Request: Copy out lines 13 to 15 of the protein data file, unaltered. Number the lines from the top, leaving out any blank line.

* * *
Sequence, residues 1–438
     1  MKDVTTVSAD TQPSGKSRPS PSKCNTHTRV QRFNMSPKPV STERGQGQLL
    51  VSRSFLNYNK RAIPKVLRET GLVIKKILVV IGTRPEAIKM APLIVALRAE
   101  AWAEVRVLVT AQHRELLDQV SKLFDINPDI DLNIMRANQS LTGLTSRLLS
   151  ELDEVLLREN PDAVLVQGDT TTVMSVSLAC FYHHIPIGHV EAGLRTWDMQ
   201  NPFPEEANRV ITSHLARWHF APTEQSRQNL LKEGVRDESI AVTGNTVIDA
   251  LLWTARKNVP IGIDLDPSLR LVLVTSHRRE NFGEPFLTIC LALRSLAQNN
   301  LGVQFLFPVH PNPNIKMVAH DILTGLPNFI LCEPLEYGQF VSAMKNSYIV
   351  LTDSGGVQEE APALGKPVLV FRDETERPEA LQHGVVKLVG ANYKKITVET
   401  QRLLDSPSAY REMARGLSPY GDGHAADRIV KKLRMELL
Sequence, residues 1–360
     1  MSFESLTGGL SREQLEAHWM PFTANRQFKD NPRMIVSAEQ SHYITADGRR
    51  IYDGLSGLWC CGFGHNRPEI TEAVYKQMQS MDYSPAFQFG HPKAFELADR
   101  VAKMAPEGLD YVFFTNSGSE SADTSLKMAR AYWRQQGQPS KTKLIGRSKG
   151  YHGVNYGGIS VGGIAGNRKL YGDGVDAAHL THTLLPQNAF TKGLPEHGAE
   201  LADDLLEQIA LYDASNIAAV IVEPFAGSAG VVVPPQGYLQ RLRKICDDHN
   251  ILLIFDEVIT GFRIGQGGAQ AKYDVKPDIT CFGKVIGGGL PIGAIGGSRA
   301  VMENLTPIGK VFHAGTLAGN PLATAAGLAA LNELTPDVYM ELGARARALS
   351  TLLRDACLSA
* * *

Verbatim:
    51  IYDGLSGLWC CGFGHNRPEI TEAVYKQMQS MDYSPAFQFG HPKAFELADR
   101  VAKMAPEGLD YVFFTNSGSE SADTSLKMAR AYWRQQGQPS KTKLIGRSKG
   151  YHGVNYGGIS VGGIAGNRKL YGDGVDAAHL THTLLPQNAF TKGLPEHGAE